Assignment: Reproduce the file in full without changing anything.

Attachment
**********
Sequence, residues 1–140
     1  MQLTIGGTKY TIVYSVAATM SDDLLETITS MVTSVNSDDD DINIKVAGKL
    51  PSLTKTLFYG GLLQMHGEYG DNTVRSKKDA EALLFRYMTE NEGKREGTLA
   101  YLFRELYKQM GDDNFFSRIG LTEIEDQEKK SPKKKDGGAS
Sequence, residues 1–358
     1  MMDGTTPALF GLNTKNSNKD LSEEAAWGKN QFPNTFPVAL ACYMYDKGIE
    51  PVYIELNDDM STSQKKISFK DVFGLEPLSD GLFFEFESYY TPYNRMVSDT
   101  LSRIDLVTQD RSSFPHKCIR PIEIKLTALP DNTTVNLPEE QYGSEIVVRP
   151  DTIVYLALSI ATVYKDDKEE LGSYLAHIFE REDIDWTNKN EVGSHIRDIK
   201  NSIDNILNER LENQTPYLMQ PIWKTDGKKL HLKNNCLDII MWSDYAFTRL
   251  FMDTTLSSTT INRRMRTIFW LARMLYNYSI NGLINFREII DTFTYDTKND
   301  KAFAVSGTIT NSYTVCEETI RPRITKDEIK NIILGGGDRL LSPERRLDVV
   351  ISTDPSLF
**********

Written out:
Sequence, residues 1–140
     1  MQLTIGGTKY TIVYSVAATM SDDLLETITS MVTSVNSDDD DINIKVAGKL
    51  PSLTKTLFYG GLLQMHGEYG DNTVRSKKDA EALLFRYMTE NEGKREGTLA
   101  YLFRELYKQM GDDNFFSRIG LTEIEDQEKK SPKKKDGGAS
Sequence, residues 1–358
     1  MMDGTTPALF GLNTKNSNKD LSEEAAWGKN QFPNTFPVAL ACYMYDKGIE
    51  PVYIELNDDM STSQKKISFK DVFGLEPLSD GLFFEFESYY TPYNRMVSDT
   101  LSRIDLVTQD RSSFPHKCIR PIEIKLTALP DNTTVNLPEE QYGSEIVVRP
   151  DTIVYLALSI ATVYKDDKEE LGSYLAHIFE REDIDWTNKN EVGSHIRDIK
   201  NSIDNILNER LENQTPYLMQ PIWKTDGKKL HLKNNCLDII MWSDYAFTRL
   251  FMDTTLSSTT INRRMRTIFW LARMLYNYSI NGLINFREII DTFTYDTKND
   301  KAFAVSGTIT NSYTVCEETI RPRITKDEIK NIILGGGDRL LSPERRLDVV
   351  ISTDPSLF